Your first big break may come from a large firm. Indeed they may have underwritten your project. However, if that's the case, it is an exception. Big firms generally prefer to buy from others like themselves. They can at least obtain compensation if all else fails. Confidence is the biggest factor. Big firms feel that others of a similar size are equally successful and will share similar views and values. This doesn't mean that big firms don't buy from smaller firms—they have to—but they typically buy smaller, fewer, and less significant products. So if you're a four-man band trying to sell a $50,000 accounting product to Mega Bucks, Inc., don't expect an undeserved break.
If you have a realistic proposition, targeting big firms makes sense in principle, but just because they turned over $1 billion last year doesn't mean they're going to give it all to you tomorrow. Be careful. Large firms are very good at wasting your time and dragging out the sales process or dangling tempting morsels for you on an endless basis.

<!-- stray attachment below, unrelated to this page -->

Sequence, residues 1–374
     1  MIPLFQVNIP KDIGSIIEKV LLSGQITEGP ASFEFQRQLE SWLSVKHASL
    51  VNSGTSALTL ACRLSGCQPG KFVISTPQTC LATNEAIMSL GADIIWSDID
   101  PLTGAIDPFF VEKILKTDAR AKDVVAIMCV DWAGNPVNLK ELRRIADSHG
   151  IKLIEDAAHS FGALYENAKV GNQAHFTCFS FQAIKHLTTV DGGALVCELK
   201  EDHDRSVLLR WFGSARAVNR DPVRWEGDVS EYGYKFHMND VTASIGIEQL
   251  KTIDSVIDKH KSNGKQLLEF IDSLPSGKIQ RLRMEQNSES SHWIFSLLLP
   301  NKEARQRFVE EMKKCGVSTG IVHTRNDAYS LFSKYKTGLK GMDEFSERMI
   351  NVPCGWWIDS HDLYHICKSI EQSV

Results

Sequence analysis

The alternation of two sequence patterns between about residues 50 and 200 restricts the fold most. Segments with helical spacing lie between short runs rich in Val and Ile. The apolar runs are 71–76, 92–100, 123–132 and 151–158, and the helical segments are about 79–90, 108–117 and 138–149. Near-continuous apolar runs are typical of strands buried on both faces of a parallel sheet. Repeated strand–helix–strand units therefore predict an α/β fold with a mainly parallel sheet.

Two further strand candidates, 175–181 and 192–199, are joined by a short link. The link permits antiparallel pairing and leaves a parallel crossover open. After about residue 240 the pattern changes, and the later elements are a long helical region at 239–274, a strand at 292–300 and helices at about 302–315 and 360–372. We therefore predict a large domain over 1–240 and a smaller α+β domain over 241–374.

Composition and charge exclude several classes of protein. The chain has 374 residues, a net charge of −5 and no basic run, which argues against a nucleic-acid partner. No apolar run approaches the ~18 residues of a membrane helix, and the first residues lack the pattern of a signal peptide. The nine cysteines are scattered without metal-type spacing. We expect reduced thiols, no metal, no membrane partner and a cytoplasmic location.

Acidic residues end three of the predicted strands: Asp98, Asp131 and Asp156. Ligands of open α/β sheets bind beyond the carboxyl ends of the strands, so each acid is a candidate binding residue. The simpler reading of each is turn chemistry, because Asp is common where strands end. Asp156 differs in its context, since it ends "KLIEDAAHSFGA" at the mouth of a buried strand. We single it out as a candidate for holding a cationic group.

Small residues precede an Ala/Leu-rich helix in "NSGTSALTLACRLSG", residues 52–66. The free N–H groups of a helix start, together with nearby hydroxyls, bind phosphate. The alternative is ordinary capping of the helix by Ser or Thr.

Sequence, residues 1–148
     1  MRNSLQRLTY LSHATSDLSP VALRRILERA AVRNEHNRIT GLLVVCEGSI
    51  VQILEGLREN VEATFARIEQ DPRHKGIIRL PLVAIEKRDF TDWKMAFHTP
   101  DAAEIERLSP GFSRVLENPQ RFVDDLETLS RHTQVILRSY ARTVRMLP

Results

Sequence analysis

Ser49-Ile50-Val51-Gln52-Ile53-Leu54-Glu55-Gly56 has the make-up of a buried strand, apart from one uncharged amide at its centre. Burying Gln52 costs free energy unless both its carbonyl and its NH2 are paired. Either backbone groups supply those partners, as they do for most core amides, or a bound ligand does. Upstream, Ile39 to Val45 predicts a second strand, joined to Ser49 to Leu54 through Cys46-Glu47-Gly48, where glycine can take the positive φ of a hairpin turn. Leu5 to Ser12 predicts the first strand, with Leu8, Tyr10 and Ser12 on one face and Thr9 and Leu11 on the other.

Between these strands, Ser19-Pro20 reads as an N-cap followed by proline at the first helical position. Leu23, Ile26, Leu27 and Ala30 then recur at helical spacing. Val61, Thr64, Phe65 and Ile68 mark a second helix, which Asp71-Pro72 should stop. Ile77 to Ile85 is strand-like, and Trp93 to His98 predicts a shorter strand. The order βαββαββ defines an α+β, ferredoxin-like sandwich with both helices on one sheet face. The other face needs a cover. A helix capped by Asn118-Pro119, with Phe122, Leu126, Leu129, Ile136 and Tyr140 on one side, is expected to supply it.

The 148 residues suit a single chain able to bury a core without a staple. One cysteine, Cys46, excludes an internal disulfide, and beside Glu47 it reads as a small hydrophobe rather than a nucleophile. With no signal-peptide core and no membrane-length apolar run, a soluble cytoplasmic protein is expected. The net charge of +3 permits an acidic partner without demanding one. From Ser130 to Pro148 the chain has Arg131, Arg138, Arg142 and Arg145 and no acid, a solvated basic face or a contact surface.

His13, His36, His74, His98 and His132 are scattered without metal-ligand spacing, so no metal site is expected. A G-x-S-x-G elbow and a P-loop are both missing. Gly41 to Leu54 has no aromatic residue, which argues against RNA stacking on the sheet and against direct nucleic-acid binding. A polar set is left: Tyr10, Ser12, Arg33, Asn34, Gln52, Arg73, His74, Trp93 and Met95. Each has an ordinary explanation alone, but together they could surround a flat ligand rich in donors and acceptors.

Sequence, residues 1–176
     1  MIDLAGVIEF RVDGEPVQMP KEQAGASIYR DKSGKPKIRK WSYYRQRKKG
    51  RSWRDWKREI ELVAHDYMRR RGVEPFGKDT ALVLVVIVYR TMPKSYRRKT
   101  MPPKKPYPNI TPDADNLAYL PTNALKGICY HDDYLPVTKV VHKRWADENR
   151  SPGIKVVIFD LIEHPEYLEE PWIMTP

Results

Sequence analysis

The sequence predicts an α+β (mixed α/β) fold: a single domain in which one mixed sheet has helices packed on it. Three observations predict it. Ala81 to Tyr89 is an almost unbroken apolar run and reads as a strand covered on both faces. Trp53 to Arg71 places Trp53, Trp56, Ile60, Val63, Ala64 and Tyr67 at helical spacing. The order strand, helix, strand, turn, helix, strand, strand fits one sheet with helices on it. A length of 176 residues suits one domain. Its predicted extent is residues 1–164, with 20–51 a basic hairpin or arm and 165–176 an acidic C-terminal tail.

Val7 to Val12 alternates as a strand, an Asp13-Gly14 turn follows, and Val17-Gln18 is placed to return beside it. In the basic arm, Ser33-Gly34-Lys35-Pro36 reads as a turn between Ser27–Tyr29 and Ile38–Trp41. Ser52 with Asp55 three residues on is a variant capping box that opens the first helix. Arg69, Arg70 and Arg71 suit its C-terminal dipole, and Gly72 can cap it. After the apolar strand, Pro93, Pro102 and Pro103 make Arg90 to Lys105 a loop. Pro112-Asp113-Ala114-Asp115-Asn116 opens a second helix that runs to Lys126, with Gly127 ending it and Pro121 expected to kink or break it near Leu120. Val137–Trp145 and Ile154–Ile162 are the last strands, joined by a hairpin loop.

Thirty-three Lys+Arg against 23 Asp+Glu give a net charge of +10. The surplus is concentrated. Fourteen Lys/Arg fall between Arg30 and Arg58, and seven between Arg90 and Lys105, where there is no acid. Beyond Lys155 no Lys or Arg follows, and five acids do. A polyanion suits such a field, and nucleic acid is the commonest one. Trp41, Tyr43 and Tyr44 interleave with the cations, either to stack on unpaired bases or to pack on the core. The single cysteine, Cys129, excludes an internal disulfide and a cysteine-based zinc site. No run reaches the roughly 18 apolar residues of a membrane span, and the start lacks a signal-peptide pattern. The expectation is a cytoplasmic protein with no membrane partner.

Also remember that salespeople can be seduced by the rewards offered by big players. No salesperson would be accused of wasting time if he spent a year trying to sell to IBM. However, he would probably get fired if he squandered an entire month on a little known outfit.
Put yourself in the shoes of someone working for a large firm and look at it from his perspective. Every decision you make puts your job on the line, so understandably, you can't afford to stick your neck out. What you really want is a cast iron guarantee that the software will work satisfactorily, and make you look good.
So before you embark on the journey, think through the costs, extended sales cycles, and implications of selling to large firms initially.
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